Listen! Do you want to know a secret? It’s the implementation of the Trade Secrets Directive
Wednesday 20th April 2016
There has been a long and, some might say, drawn out process for the consideration of how trade secrets are to be protected across the EU. Different countries have different levels of domestic legislation designed to protect the trade secrets of businesses and some are more codified than others. For example, Germany, Denmark and Spain do not have a legal definition of what a trade secret is. Belgium, Netherlands and France (and the UK) do not have specific legislation to cover issues relating to the misuse of trade secrets, relying instead on a patchwork of other types of legal protection such as breach of confidence, or competition law.
In light of this, the European Commission has sought to harmonise trade secrets legislation and so encourage trade and the flow of information across borders. The result is the Trade Secrets Directive.
The current draft of the Directive received its first reading this month and seeks to offer a uniform system to protect trade secrets across the EU.
The Directive also defines what a Trade Secret is – it must:
- Be secret, in the sense that it is not generally known among or readily accessible to persons within the circles that normally deal with that type of information.
- Have a commercial value because it is kept secret; and
- Have been subject to reasonable steps, under the circumstances, to keep it secret.
This largely correlates with the approach of the English courts, so there should be little change to the position in the UK. It does mean that other jurisdictions will have to adopt a similar approach to trade secrets.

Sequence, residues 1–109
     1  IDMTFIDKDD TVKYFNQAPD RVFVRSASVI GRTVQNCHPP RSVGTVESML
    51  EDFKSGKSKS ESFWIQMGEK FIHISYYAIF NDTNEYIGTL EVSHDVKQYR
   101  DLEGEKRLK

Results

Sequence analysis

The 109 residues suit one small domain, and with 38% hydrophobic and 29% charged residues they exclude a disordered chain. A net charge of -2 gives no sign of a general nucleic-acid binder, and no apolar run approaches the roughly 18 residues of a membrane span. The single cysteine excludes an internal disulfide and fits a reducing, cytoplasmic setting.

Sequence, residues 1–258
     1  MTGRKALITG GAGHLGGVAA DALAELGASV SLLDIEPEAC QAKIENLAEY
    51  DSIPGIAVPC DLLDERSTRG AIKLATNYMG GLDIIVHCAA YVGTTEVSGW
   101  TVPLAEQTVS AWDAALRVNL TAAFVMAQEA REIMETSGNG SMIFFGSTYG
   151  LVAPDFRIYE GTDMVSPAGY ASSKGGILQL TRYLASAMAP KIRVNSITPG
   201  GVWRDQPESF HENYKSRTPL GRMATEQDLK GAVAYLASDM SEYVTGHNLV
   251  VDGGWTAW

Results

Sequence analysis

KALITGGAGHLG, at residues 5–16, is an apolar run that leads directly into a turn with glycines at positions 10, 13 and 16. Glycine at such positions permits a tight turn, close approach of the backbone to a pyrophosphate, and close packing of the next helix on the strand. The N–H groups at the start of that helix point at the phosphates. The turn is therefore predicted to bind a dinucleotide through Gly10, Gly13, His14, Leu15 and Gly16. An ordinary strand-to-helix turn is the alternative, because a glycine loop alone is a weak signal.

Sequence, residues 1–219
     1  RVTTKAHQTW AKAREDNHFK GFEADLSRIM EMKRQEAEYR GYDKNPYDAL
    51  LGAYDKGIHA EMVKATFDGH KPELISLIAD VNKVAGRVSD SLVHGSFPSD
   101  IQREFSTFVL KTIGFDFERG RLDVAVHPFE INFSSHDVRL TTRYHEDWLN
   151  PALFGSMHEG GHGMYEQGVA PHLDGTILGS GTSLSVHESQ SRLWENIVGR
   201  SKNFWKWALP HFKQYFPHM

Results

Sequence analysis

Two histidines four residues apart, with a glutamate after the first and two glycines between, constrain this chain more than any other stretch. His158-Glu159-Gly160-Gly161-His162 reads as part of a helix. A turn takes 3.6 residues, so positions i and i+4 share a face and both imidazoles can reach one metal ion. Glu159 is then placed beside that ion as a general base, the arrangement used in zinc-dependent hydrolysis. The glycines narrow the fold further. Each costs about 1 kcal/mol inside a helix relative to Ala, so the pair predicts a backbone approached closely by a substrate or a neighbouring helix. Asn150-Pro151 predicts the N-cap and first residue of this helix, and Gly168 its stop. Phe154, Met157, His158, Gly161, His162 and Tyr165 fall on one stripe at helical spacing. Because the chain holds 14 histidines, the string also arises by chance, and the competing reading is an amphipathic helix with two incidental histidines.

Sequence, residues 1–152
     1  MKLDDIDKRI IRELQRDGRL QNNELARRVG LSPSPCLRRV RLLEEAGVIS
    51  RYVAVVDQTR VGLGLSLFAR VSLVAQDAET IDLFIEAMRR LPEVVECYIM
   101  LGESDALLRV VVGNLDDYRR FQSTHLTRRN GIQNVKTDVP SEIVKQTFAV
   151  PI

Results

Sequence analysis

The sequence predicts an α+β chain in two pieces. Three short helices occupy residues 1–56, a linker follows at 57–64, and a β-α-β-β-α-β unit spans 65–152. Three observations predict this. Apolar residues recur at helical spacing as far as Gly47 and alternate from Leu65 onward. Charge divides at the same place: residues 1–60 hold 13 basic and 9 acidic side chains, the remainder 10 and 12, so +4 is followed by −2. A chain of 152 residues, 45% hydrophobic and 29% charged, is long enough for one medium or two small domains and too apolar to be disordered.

One area which will be of interest to UK-based organisations is that the Directive seeks to enforce the rights once they have been incorporated into a product. It’s proposed firstly that a broad definition of infringing goods is included, namely any product which “significantly benefits” from unlawfully obtained trade secrets and secondly that the import or sale of such goods will be unlawful if the importer or seller had actual or constructive knowledge that the manufacture of the product has benefited from the misuse of trade secrets. The test of unlawful use of a trade secret will be defined as conduct which is contrary to honest commercial practices.
This should make it easier for the owners of trade secrets to take action against importers or manufacturers of goods that misuse trade secrets.
As ever, individual cases will turn on their own facts. Trade secrets are often a difficult category to define and enforce, and much will turn on how that information is treated by the owner. The Directive (assuming the UK remains in the EU) will be implemented within the next two years, and will set out a clearer framework to protect trade secrets – a key intellectual property right and potentially an extremely valuable asset.
It will not prevent employees from using their general skill and knowledge acquired during their employment, but it hopefully will set out a codified legislative framework confirming what qualities the trade secret must possess to be afforded protection, and also give some additional protection to prevent infringing products from being imported or sold in the UK.
If you would like more information on trade secrets and how to protect them, please contact Stephen McVey on 0113 227 0245 or at email@example.com or Catherine Woodward on 0113 227 0366 or at catherine.woodward.gordonsllp.com.